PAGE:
Universities need to support the academic skills development of a student cohort with diverse backgrounds and varying levels of educational experience. The Widening Participation agenda can create challenges when developing curriculum models that are able to accommodate a more heterogeneous student body. Many of the responses to the challenges of mass higher education are based on a deficit view of the students, where the problem is located within the student. A shift towards a social model, where we examine attitudes and practices as the cause of the deficit/difficulty can help students with the task of ‘becoming academic’. It’s interesting that in their report on the effects of embedded skills on first year UG attainment, Cook & Thompson (2019) conclude that although ‘the effect of socio-economic background of our students on their learning is largely excluded from our report… our research suggests it may have a significant effect on the [lack of] receptiveness to academic support’.

The need for an alternative approach to generic, bolt-on academic skills support is clear. ‘The literature is unequivocal that high impact student learning occurs when communication skills are integrated within disciplinary learning and assessment’ (Maldoni, 2017, p. 105). An alternative is found in the ‘embedded’ approach, which is defined as ‘explicit development of students’ academic language and literacies within the specific curriculum of the discipline’ (Chanock, 2012, in Maldoni, 2017, p.105). This approach recognises that academic literacy skills are complex and involve more than learning particular surface skills.

A photo of a tower block building covered in plants.

Embedding study skills

Embedding, it is argued, helps students make the important link between the conventions of academic writing, the contested nature of knowledge, and the way writers use theory and evidence to argue. Embedding provision within subject departments can be a more effective approach to the academic development of students in that it helps students link subject content with assessment requirements, and makes explicit the norms and conventions of particular disciplines (White and Lay, 2019).

I would point out that attempting to establish an embedded approach (wherever on the continuum you aim for) makes great demands of time, energy and resources. In the DLS we make efforts to take the principles of the academic literacies approach into account in our planning and teaching of academic skills, but the structural constraints we encounter make this impossible to achieve this by ourselves. Implementing embedded support requires institutional support, collaboration between departments and time (McWilliams and Allan, 2014).

The current curriculum review at the University of Sussex offers an opportunity to think more about embedding skills development across the curriculum, and resourcing subject-based support. This would help foster students’ understanding of disciplinary approaches by focusing on subject-specific skills that seek to broaden a student’s disciplinary knowledge and unlock the threshold concepts of each subject. A shift towards a social model that locates attitudes and practices as the cause of perceived skills deficit/difficulty can help all students with the task of ‘becoming academic’.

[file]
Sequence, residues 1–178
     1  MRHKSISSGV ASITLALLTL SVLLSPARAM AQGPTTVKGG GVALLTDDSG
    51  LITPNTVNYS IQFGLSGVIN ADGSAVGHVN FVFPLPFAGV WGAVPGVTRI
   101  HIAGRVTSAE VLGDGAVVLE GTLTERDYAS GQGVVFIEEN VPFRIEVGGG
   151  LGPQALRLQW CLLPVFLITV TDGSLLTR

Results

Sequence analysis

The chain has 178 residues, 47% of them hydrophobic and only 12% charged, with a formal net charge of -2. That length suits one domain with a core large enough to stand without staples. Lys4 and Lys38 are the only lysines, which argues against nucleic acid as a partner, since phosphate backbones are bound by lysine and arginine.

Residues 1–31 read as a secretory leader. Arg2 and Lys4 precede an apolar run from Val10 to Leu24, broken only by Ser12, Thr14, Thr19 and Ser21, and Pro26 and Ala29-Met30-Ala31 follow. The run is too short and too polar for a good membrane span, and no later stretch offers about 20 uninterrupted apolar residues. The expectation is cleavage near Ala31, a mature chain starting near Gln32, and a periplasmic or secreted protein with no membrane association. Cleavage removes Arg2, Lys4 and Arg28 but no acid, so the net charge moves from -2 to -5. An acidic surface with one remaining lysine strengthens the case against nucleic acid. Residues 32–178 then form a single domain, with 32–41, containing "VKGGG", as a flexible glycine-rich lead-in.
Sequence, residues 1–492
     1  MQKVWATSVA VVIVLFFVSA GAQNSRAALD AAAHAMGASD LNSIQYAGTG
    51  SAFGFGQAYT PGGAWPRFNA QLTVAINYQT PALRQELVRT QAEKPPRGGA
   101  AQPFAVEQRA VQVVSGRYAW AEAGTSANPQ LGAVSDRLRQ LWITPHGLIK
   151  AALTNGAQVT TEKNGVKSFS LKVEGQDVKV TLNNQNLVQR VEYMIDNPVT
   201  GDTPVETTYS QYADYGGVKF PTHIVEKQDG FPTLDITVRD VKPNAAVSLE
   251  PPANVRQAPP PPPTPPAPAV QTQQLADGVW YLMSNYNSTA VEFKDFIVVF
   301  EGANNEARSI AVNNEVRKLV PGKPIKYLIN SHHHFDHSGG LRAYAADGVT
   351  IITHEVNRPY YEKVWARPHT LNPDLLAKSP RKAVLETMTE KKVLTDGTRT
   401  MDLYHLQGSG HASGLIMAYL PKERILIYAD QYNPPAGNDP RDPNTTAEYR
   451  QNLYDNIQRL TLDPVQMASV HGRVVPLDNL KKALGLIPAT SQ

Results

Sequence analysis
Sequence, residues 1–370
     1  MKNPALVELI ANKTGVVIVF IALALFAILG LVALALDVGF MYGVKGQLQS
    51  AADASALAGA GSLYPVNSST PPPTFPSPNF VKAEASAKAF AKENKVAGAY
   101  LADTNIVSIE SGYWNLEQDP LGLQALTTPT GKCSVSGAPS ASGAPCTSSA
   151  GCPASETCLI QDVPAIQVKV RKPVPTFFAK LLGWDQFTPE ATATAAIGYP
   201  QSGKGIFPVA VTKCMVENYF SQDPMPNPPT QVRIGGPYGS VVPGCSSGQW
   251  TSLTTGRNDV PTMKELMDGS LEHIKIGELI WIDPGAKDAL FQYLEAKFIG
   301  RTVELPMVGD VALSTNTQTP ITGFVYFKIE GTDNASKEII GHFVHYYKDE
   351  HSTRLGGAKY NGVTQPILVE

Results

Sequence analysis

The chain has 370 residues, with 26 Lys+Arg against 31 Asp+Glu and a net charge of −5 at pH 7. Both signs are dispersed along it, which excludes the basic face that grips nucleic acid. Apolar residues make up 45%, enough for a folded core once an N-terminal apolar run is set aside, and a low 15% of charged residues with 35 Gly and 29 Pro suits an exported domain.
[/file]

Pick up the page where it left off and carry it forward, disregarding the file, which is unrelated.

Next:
I talk more about this in part two of this blog.


Bond, B. (2020) Making language visible in the university: English for academic purposes and internationalisation. Bristol, UK: Multilingual Matters.

Cook, P; Thompson, A; and Dias-Lopez, A (2019) Report on PTAS Project Analysing the Effects of Embedded Study Skills on First Year UG Attainment. University of Edinburgh, Edinburgh, UK. Available at: roject_Report_Analysing_Effects_Embedded_Study_Skills_on_FirstYear_UG%20Attainment_Coo k.pdf (Accessed: 14 June 2023).

Ganobcsik-Williams, L. (2006) Teaching academic writing in UK higher education: Theories, practices and Models. Basingstoke: Palgrave Macmillan.

Lea, M.R; and Street, B.V. (1998) ‘Student writing in Higher Education: An academic literacies approach’, Studies in Higher Education, 23(2), pp. 157–172. doi:10.1080/03075079812331380364.

McWilliams, R. and Allan, Q. (2014) ‘Embedding Academic Literacy Skills: Towards a best practice model’, Journal of University Teaching and Learning Practice, 11(3), pp. 94–114. doi:10.53761/

Maldoni, M. (2017) ‘A cross-disciplinary approach to embedding: A pedagogy for developing academic literacies.’ Journal of Academic Language and Learning, 11(1).

Webster, H. (2021) rattus scholasticus, 31 March. Available at: (Accessed: 14 June 2023).

White, S., & Lay, E. (2019). Built-in not bolted-on: embedding academic literacy skills in subject disciplines. Creative Pedagogies Imprint, 1(2), 33–38.

Willingham, D.T. (2008) ‘Critical thinking: Why is it so hard to teach?’, Arts Education Policy Review, 109(4), pp. 21–32. doi:10.3200/aepr.109.4.21-32.

Wingate, U. (2006) ‘Doing away with “study skills”’, Teaching in Higher Education, 11(4), pp. 457–469. doi:10.1080/13562510600874268.

Tagged with: ,
Posted in Blog, Uncategorised

Leave a Reply

Your email address will not be published. Required fields are marked *